July 24, 2017
    When I went to drag in my bins yesterday, I spotted a package sticking up out of the mailbox. It looked like a book, but I wasn't expecting anything; I haven't done any orders for a while. Imagine my surprise to find I'd actually won this book from entering a Goodreads giveaway! I always idly click to enter, and having never won anything before, thought this would be the same. I was so excited when I read the letter!I have to add the fact this book was free didn't affect my opinion, once the exc When I went to drag in my bins yesterday, I spotted a package sticking up out of the mailbox. It looked like a book, but I wasn't expecting anything; I haven't done any orders for a while. Imagine my surprise to find I'd actually won this book from entering a Goodreads giveaway! I always idly click to enter, and having never won anything before, thought this would be the same. I was so excited when I read the letter!I have to add the fact this book was free didn't affect my opinion, once the excitement calmed down. I left my partner dozing on the lounge and got stuck right into this book, feeling disappointed when he came to bed around the 260th page and asked for the lights off. I was chewing through this with remarkable speed, even for me. I think it was because this genre isn't one I normally choose for myself, as well as the writing being funny and easy to relate to. I mean, I don't have a small dependent child, but just like Robin I sometimes struggle with what is 'adult' and how to keep your life on track. The other major positive is the characters. Robin herself of course, but Auntie Kath, Theo, the PSM group, Natalie, Lacey and of course Lyla all play their parts beautifully. Men and sex come into this story a lot, but there is a real focus on female friendship being equally important. I liked that.A really good chick lit style book that leaves you smiling. I liked it! Four stars.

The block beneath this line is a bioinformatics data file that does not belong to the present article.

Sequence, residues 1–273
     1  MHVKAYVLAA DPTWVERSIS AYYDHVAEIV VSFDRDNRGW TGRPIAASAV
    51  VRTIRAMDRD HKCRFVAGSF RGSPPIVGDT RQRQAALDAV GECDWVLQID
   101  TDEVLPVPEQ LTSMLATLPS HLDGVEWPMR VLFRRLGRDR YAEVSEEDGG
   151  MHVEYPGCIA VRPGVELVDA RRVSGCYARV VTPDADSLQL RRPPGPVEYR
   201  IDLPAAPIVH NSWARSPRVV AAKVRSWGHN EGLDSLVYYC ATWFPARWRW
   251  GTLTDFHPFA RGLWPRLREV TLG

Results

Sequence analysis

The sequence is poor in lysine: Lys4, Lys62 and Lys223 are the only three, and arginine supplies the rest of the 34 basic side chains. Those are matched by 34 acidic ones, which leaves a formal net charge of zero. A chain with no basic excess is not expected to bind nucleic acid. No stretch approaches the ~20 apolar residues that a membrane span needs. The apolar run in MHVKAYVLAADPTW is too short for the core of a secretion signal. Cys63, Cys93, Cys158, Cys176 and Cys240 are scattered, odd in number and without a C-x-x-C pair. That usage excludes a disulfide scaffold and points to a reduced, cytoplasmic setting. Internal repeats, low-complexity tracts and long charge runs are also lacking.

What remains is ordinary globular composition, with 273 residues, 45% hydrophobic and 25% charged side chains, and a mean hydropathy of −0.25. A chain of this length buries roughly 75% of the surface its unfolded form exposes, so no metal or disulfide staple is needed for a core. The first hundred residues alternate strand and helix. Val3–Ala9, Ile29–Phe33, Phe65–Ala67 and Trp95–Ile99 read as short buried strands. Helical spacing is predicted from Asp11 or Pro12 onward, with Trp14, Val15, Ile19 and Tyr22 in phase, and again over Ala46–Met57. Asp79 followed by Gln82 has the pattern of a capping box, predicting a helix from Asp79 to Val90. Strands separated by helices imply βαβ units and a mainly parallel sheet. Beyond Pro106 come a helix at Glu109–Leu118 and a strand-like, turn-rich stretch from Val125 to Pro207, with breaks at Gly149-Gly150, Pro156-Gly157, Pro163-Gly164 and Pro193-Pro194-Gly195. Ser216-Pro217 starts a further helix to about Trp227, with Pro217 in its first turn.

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  • Courtney Stuart
    July 3, 2017